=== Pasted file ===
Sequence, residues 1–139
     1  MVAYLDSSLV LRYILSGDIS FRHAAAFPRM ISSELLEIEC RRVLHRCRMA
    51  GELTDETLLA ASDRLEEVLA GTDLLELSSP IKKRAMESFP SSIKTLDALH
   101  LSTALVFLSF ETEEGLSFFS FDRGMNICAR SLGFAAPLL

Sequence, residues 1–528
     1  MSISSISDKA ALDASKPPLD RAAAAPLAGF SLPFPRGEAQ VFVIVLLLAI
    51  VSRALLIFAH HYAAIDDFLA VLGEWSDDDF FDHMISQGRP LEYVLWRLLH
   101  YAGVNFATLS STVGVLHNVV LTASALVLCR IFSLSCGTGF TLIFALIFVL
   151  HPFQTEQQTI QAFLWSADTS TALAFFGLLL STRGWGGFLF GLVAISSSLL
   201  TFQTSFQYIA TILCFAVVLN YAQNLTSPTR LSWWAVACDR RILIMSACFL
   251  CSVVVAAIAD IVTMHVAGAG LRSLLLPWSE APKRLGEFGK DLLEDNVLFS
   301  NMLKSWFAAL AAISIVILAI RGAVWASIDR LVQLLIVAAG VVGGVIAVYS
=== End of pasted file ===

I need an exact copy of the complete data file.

Sequence, residues 1–139
     1  MVAYLDSSLV LRYILSGDIS FRHAAAFPRM ISSELLEIEC RRVLHRCRMA
    51  GELTDETLLA ASDRLEEVLA GTDLLELSSP IKKRAMESFP SSIKTLDALH
   101  LSTALVFLSF ETEEGLSFFS FDRGMNICAR SLGFAAPLL

Sequence, residues 1–528
     1  MSISSISDKA ALDASKPPLD RAAAAPLAGF SLPFPRGEAQ VFVIVLLLAI
    51  VSRALLIFAH HYAAIDDFLA VLGEWSDDDF FDHMISQGRP LEYVLWRLLH
   101  YAGVNFATLS STVGVLHNVV LTASALVLCR IFSLSCGTGF TLIFALIFVL
   151  HPFQTEQQTI QAFLWSADTS TALAFFGLLL STRGWGGFLF GLVAISSSLL
   201  TFQTSFQYIA TILCFAVVLN YAQNLTSPTR LSWWAVACDR RILIMSACFL
   251  CSVVVAAIAD IVTMHVAGAG LRSLLLPWSE APKRLGEFGK DLLEDNVLFS
   301  NMLKSWFAAL AAISIVILAI RGAVWASIDR LVQLLIVAAG VVGGVIAVYS